An older worker from Pendleton injured his back several years ago while lifting a heavy box of freight. Sadly, he herniated a disc and needed surgery, and the surgery was denied by SAIF. He contacted us and we won his case. But, SAIF appealed. While there is an appeal, a workers’ compensation insurer must pay temporary disability, but they need not pay for medical treatment until their appeal is denied. Well, we won on appeal and his claim was finally accepted. He had surgery, but the disc was pinching the nerve as it exited his spine for too long, and there was permanent nerve damage and disability.

SAIF was on the hook, and had to pay for this permanent disability. The amount was to be rather large.

The top of a social security disability form and social security card

In the meantime, the injured worker had applied for social security. He asked for my help on this claim. I reviewed his case and told him we would likely win his social security benefits. (Later, we did win.) He asked what would happen to his workers’ comp pay when he got his social security.

I explained: Workers’ compensation may reduce your Social Security benefits. If you get workers’ compensation pay and Social Security disability benefits, the total amount can’t exceed 80 percent of your average current earnings before you became disabled, if it does your Social Security benefit would be reduced. For example, you earned $4,000/month at the time of your injury, and workers’ comp pays 66% of that amount for temporary disability, $2,640. Therefore, the maximum Social Security would pay you each month would be $560. (Because %80 of our $4,000 wage would be $3,200.) In this case, your Social Security, if you were not getting workers comp, was supposed to be $2,200/month. So each month, you are losing $1,640 in Social Security benefits, because of your work comp pay.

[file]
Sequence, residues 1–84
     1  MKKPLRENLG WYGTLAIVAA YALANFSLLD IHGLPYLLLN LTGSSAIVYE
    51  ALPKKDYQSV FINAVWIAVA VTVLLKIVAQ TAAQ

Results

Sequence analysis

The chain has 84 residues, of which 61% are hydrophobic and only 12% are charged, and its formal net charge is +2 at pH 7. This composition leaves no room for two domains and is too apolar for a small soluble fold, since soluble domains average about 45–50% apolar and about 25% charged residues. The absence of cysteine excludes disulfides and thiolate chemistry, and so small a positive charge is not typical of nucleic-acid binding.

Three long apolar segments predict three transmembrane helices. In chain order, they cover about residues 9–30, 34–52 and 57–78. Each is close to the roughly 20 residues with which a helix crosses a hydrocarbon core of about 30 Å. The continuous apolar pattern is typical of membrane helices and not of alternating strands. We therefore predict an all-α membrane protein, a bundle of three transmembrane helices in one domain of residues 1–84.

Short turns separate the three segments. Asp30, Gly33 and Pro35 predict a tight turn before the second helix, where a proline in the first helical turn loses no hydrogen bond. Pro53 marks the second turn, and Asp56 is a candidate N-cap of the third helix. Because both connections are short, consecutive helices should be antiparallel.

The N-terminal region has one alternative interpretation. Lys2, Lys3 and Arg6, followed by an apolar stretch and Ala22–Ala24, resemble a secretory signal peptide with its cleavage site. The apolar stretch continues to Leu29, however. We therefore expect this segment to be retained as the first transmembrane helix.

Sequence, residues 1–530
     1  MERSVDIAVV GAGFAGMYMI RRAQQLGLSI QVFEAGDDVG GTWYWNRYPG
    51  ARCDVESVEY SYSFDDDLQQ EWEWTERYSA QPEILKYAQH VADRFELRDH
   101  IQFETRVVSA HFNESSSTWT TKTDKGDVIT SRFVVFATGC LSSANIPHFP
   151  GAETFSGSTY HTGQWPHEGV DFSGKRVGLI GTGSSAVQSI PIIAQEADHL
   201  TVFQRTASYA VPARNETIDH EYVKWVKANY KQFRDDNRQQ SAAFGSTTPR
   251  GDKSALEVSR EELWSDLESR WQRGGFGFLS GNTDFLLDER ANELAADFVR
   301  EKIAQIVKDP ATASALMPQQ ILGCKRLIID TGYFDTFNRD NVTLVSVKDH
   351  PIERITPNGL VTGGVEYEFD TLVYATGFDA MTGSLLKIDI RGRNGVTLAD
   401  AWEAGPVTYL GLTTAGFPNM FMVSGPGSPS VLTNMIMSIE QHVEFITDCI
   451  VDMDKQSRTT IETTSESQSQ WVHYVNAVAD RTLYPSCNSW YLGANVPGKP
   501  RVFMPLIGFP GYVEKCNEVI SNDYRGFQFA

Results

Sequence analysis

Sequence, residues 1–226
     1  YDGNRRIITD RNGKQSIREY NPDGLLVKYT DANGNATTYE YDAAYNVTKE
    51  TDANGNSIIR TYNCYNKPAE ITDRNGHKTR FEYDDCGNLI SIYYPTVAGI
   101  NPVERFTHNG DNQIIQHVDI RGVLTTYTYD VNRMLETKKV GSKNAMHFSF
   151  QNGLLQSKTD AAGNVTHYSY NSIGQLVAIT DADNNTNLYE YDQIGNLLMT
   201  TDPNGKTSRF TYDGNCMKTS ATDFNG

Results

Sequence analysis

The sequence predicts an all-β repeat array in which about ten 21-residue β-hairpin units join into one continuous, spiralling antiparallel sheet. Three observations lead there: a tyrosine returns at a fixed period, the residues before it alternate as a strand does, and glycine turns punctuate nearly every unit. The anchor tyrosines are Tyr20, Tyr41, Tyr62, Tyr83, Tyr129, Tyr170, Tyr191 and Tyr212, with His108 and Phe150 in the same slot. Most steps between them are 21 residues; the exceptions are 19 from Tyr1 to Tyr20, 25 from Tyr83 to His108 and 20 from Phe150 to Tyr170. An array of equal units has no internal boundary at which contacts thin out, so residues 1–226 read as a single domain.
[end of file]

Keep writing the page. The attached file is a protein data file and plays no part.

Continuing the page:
He asked: Well, is there anything that can be done?

I explained: Yes. If we get SAIF to pay you in a lump sum settlement, you can get your full Social Security. The type of settlement is called a Claims Disposition Agreement (CDA), and since 1990, half of Oregon WC cases were settled a CDA. With a CDA the worker gets an immediate payment of the lump sum, but gives up rights to all other benefits, except for the right to medical expenses directly related to the injury.

Most importantly, in a CDA the worker’s attorney can specify a monthly amount based on life expectancy that the lump sum is supposed to compensate. In other words, your settlement might be $75,000, but since you are were expected to live 26.3 more years, 315.6 months, it amounts to $237.6/month for the rest of your life. Social Security must act as if you were getting $237.60/ month, instead of $75,000 all at once.

This means you get all the work comp money in a lump sum upfront and your full Social Security monthly payment of $2,200. So, you can get both workers’ comp and Social Security.

Our client in Pendleton Oregon was very happy.

If you have a question about workers compensation or social security please contact Ransom, Gilbertson, Martin and Ratliff for a free consultation.